IDRC joins the climate justice conversation and prioritizes Southern perspectives

Addressing climate change as an issue of justice is not business as usual. Applying a justice lens will require everyone to work differently. The challenge for the justice community will be to work simultaneously and more effectively across multiple scales of stakeholders and climate policy spaces, including national adaptation plans and nationally determined contributions. For the climate change community, it will be important to complement the customary focus on technical solutions with more attention on the meanings, applications, and pursuit of equality, fairness, and justice.

A woman and two boys stand in flood water with a cycle rickshaw in Bangladesh.
G.M.B. Akash/Panos Pictures
Standing in floodwaters in Bangladesh.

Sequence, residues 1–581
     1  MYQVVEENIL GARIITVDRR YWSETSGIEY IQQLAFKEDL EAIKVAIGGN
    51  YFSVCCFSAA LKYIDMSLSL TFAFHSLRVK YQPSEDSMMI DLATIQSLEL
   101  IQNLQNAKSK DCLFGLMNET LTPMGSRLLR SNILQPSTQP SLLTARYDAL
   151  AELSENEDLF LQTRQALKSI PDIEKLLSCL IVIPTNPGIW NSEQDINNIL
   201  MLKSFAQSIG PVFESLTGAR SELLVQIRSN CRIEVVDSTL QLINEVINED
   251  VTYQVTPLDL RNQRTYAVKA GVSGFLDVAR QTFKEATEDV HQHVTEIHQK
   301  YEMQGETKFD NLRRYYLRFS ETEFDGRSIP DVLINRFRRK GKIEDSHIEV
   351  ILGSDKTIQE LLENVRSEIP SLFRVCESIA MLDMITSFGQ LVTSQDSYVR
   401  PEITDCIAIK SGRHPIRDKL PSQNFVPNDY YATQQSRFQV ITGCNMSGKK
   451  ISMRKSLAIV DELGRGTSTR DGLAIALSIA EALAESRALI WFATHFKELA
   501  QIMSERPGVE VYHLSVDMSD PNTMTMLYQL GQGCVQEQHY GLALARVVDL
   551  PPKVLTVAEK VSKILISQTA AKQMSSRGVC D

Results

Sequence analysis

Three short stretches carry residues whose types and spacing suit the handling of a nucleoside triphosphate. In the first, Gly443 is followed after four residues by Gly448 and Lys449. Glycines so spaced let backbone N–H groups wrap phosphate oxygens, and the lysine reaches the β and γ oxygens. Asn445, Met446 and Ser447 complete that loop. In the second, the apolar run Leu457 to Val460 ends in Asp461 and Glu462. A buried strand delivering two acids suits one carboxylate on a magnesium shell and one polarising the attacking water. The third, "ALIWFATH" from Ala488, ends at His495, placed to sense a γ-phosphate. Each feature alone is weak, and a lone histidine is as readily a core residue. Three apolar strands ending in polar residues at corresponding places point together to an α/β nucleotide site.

In that spirit, IDRC supports new research to begin generating some answers to the big questions about how to achieve transformative justice in a changing climate. We see research playing an important transformative role in tackling the root causes of inequality, especially when built around partnerships with non-academic partners, with a clear commitment to the co-production of knowledge (see diagram above). Watch for developments from this research, testing approaches to promote climate justice in Africa, Asia, and Latin America:

  • Justice-informed adaption through Indigenous peoples’ knowledge systems in Chile and Peru, to connect with indigenous peoples’ groups and integrate their perspectives on climate justice into national adaptation plans and related measures in Peru and Chile.